A major benefit of trusts is avoiding probate. This is because, upon death, the trust dictates how trust property will pass. Avoiding probate saves your loved ones both time and money as the probate process is time-consuming, taking anywhere from several months to a year to complete. Sometimes, depending on the size of the estate, it can take even longer. Probate can also be expensive. Attorney’s fees alone can amount to two percent of the total estate, or even more in extraordinary cases. For some, two percent of their assets can be a very high number. Often, the cost of creating a trust is considerably less expensive than the cost of probate would have been.

Privacy

When a will is filed with an Iowa court upon death, the will becomes a public record. Trusts, on the other hand, remain private documents. Many folks, especially in small towns, have a strong desire to keep business affairs private.

Second Marriages and Blended Families

Dad with kid on beach

Trusts are also helpful in situations involving second marriages or blended families. When married couples have children from previous relationships, the surviving spouse has the ability to disinherit stepchildren. A trust can remedy this situation by providing lifetime benefits to the surviving spouse but, after his or her death, leaving assets to children and stepchildren.

Special Needs Trusts

Families with members who have special care needs must take a careful estate planning approach. For example, when a person receives government assistance due to a disability, a gift or inheritance might result in denial of benefits. However, assets can be left in certain types of trusts (for example, a special needs trust), to provide for supplemental needs while still allowing persons with disabilities to continue to receive benefits.

Let’s Get Started

You probably still have some questions on trusts…which is why I’m here! Don’t hesitate to contact me. I offer a free one-hour consultation at which point we can discuss your personal situation, see if a trust is right for you, and set up the steps to take for success.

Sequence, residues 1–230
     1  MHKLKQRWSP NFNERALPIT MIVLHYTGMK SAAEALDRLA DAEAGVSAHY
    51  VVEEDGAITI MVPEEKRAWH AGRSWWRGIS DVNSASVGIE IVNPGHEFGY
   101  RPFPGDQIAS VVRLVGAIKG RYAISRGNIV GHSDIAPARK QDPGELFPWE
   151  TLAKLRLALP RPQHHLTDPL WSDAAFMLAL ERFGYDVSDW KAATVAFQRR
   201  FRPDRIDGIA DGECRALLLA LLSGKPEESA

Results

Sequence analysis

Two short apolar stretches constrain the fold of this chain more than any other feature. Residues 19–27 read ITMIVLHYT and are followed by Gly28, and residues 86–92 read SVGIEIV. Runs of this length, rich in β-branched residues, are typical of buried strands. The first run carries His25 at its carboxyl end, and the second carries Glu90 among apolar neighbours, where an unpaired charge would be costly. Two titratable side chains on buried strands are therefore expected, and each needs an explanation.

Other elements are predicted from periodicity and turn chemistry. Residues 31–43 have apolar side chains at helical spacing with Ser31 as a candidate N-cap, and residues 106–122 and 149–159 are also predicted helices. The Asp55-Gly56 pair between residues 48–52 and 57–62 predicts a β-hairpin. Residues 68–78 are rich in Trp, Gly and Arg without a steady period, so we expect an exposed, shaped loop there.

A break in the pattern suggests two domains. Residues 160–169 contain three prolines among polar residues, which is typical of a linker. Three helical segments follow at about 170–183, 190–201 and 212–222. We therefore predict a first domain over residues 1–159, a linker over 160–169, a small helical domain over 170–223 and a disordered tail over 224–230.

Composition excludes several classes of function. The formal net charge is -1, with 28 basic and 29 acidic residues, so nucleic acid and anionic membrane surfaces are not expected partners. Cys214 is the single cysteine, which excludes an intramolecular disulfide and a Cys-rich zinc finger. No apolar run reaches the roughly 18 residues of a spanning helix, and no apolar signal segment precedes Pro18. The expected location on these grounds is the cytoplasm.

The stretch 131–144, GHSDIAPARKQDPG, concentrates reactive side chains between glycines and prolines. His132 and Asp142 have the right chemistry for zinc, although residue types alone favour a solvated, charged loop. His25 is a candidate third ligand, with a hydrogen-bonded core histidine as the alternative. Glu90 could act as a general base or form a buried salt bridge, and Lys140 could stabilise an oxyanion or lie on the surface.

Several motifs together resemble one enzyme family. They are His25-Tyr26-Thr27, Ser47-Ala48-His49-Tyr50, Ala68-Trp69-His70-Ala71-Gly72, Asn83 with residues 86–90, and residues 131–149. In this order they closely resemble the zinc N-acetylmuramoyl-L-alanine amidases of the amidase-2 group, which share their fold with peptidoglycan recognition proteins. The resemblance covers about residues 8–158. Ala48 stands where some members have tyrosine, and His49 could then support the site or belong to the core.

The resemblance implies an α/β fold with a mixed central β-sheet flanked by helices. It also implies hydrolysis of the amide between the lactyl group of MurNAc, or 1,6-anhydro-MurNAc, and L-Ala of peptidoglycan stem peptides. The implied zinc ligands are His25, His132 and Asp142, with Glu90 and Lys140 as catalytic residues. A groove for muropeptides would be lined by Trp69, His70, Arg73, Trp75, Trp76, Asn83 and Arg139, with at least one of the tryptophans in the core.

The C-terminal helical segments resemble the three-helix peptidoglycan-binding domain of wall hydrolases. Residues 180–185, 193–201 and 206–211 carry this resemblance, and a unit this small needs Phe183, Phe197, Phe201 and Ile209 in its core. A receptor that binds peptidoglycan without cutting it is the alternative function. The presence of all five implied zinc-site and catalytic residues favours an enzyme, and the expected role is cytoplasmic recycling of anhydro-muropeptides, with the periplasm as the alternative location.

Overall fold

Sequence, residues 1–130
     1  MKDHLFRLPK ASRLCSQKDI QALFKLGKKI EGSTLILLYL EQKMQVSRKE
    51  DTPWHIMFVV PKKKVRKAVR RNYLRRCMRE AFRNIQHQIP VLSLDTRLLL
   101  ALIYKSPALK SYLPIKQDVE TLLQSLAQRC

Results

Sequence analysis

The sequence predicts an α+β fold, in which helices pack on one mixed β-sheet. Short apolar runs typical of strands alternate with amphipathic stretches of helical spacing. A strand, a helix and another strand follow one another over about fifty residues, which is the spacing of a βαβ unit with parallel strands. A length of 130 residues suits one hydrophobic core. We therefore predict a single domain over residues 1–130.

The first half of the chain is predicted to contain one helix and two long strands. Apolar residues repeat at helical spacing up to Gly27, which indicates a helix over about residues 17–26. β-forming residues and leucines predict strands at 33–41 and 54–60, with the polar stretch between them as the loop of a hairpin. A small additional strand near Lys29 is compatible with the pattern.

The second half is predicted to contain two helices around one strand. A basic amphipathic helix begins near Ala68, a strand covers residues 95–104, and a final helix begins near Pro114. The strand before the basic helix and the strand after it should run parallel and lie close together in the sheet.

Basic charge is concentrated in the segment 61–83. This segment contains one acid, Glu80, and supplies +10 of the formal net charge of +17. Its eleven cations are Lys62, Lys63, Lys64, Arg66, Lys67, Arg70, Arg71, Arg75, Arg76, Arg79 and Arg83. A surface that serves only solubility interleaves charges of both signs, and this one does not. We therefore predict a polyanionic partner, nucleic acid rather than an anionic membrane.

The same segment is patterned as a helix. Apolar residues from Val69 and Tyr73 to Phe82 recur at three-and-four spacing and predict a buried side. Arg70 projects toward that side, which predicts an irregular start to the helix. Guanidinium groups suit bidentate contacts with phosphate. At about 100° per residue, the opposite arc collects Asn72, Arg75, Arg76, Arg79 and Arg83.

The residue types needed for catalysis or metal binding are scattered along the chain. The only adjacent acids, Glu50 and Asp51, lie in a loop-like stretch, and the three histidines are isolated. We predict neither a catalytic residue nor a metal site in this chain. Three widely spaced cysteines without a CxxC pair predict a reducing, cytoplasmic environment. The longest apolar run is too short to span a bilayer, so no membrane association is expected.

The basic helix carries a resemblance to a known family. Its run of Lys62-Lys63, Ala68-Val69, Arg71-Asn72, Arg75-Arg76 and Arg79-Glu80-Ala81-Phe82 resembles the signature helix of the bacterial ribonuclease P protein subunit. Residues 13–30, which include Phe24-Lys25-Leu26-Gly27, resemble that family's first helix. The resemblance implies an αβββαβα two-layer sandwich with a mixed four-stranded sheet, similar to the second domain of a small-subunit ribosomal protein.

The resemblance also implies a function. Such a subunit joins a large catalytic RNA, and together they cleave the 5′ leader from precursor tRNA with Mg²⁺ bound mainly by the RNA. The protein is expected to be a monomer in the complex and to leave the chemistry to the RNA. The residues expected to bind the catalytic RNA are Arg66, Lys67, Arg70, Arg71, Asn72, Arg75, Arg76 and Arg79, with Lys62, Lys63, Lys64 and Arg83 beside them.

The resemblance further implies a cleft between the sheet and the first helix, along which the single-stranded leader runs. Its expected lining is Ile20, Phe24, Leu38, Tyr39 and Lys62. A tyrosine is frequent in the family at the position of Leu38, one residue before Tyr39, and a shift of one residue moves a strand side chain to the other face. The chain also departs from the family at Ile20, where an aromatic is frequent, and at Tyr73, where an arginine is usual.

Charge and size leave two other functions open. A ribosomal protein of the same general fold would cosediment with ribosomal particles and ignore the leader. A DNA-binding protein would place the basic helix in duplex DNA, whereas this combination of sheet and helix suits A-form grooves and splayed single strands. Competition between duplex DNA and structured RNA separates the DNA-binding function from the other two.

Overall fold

Quid pro quo featured

You’ve probably heard it before on your favorite law show or movie court case, but do you know what “quid pro quo” actually means?

Quid pro quo (“something for something” in Latin) means an exchange of goods or services, where one transfer is contingent upon the other.

Quid pro quo can have different meanings in different areas of the law.

For example, the term has a very particular meaning in employment law where “Quid pro quo” is a type or kind of sexual harassment. “Quid pro quo” harassment occurs in the workplace when a manager or other authority figure offers that he or she will give the employee something (a raise or a promotion) in return for that employee’s satisfaction of a sexual demand. Obviously quid pro quo in this context creates a big illegal.

The singular mission of Gordon Fischer Law Firm, P.C. is to promote and maximize charitable giving in Iowa. So, in the arena of philanthropy and nonprofits, what does quid pro quo mean?

A charitable donation is deductible—to the extent the donation exceeds the value of any goods or services received in exchange. So what happens when you donate to your favorite charity and receive something tangible in return? This is the issue of “quid pro quo” in charitable gift law.

Quid Pro Quo Example

quid-pro-quo-meme

If a donor gives a charity $100 and receives an opera ticket valued at $40, the donor has made a quid pro quo contribution. In this example, the charitable contribution part of the payment is $60. The donor is entitled to a charitable deduction for $60, but not the entire $100.

Both the donor and donee have a responsibility here. The donor, of course, can only deduct the cost of the donation less the value of the goods/services received. The charity must provide their donors clear, written documentation of the value of donations.

In fact, in these quid pro quo situations, under IRS rules, the nonprofit must provide a written disclosure statement. This required written disclosure statement must both:

• Inform the donor that the amount of the contribution that is deductible for federal income tax purposes is limited to the excess of any money (and the value of any property other than money) contributed by the donor over the value of goods or services provided by the charity.

• Provide the donor with a good faith estimate of the value of the goods or services that the donor received.

Free Consultation

If your favorite charity wants to talk with me, no quid pro quo is required! I offer a free one-hour consultation, with absolutely no obligation. I can always be reached by email at Gordon@gordonfischerlawfirm.com, and by phone at 515-371-6077.